The last place I was at (Jan this year) was using a 3 year old bid to buy new computers that included a Pentium 4 processor running at 2.4 GHz and a 64MB video card, 1GB of RAM, 17" standard flat screens and a 40GB hard drive. All for the 2007 price of $975 per machine. I was told it would take another 2 years to specify, test out, verify and bid out anything newer.

 

The [so called] IT guys are sadly often at the heart of the problem.

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Our PCs at work have IE6. Most of them have Chrome or Firefox installed on them even though it probably frowned upon. The list of sites that do not function well with IE6 is growing. Its not just here.

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I use IE6 at work and I work for DOD. So no Firefox, Chrome etc.. And forget about plugging in a USB for a mobile browser. That will get you 30 days of no network access.

 

So I will deal with the page errors and such.

The acceptable use policy probably also doesn't allow for visiting geocaching.com in the first place, if they want to enforce it strictly.

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I'm not a big fan of IE6 nor do I use it, but I find this to be an interesting decision considering these points:

 

- IE6 is STILL a current and supported product my Microsoft

Barely. It's getting critical security fixes, but nothing more. It is anything but a "current" product - there have been two releases which can replace it, and it is a stone tablet in a world of moveable type - it's outdated and a mess to attempt to support compared to all of the other browsers released since. There are many things that you can't do, or can't do well, with JavaScript because IE6's JavaScript performance is so horrid, and just plain doesn't support many things standard in modern browsers.
- IE6 is still in use by 12% of users overall

- GS has stated that 10% of its users are still using IE6

 

Is GS really wanting to cut 10% of their users?

They aren't cutting support, they're just stopping the practice of taking steps to specifically support IE6. Which is exactly what Google is doing.

 

Using numbers that have floated around there are about 80,000 premium users, so approx 8,000 users will be impacted, that's revenues of $240,000/year (8,000 times $30).

 

Wow, doesn't seem like the smartest decision I've ever seen.

That depends. How much money does it cost to continue to support IE6? If you have to have 2 additional developers on the full-time payroll just to keep supporting IE6 with all of its insanity, that easily will eat up most if not all of that $240K/year. Not to mention all the things you can stop doing, resulting in optimizing the website to use less bandwidth, among other things.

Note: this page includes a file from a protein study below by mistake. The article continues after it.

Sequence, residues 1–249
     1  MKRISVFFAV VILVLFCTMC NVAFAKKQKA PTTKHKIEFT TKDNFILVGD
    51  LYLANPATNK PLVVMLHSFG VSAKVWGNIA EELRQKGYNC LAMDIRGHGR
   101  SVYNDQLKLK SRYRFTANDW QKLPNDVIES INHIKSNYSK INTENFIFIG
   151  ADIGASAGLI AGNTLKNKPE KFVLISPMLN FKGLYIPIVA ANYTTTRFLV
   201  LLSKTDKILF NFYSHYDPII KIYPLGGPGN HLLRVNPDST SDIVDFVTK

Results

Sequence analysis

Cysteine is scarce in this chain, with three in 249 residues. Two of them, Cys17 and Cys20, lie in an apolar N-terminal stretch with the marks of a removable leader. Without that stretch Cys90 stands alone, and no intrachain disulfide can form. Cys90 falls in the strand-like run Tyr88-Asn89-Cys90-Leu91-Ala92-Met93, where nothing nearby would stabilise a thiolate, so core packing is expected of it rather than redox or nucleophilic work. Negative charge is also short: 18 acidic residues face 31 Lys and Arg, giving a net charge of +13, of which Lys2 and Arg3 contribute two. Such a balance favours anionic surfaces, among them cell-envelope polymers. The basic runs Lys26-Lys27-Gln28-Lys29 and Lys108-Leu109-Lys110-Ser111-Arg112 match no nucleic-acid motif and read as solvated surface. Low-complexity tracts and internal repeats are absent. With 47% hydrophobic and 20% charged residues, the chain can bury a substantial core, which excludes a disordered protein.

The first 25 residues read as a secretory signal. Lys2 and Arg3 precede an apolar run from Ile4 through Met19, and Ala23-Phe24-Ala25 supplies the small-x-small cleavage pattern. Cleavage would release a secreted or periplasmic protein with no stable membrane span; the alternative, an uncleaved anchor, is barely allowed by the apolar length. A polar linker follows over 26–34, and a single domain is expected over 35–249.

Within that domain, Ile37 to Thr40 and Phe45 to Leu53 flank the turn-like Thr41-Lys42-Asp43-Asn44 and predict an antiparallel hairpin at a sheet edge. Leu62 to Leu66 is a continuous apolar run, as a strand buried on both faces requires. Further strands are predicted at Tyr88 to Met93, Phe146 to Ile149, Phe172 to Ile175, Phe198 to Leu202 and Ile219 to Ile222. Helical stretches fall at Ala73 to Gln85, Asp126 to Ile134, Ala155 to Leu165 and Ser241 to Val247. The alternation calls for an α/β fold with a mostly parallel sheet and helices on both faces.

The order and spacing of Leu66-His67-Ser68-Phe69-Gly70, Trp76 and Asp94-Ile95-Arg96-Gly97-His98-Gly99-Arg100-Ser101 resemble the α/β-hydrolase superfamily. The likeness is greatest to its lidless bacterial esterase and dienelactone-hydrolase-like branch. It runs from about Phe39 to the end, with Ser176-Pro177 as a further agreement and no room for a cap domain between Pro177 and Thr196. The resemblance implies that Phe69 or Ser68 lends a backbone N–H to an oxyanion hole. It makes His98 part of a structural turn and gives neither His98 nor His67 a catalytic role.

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I use IE6 at work and I work for DOD. So no Firefox, Chrome etc.. And forget about plugging in a USB for a mobile browser. That will get you 30 days of no network access.

 

So I will deal with the page errors and such.

The acceptable use policy probably also doesn't allow for visiting geocaching.com in the first place, if they want to enforce it strictly.

Actually the policy does allow visiting site like geocaching.com

 

Just has to be on your time....like lunch.

 

edit to add---As of yesterday, I can no longer see cache lists here.

Edited by Shop99er

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If the DoD isn't capable of blocking which www sites their employees visit during work hours, we has gots ourselves a much larger problem than you'd want to know about.

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I can't help but think about all the wasted time people are spending at work recreating instead of.... working.

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I can't help but think about all the wasted time people are spending at work recreating instead of.... working.

 

blame it on the slow economy, what else can one do while waiting for the markets to pick up?...you guessed it, geocaching :smile:

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I can't help but think about all the wasted time people are spending at work recreating instead of.... working.

When my software builds take 20+ minutes, it's either work on puzzle caches or this

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I can't help but think about all the wasted time people are spending at work recreating instead of.... working.

 

blame it on the slow economy, what else can one do while waiting for the markets to pick up?...you guessed it, geocaching :smile:

I am constrained by outside forces to add anything more. Sometime down the road I may fill ya in what the peripheral damage is.

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I work in the DoD "somewhere" and I have IE8 and Firefox 3.6 installed on my PC - by the local NEC :smile: Hooray for GS for getting rid of IE6. I will be glad to see it go. Unfortunately I still have to deal with it at work on the closed systems as they were built using IE6. They had just upgraded from Windows 2000 in 2006, so I'm looking for an upgrade to either Vista by 2012 or Win7 in 2015.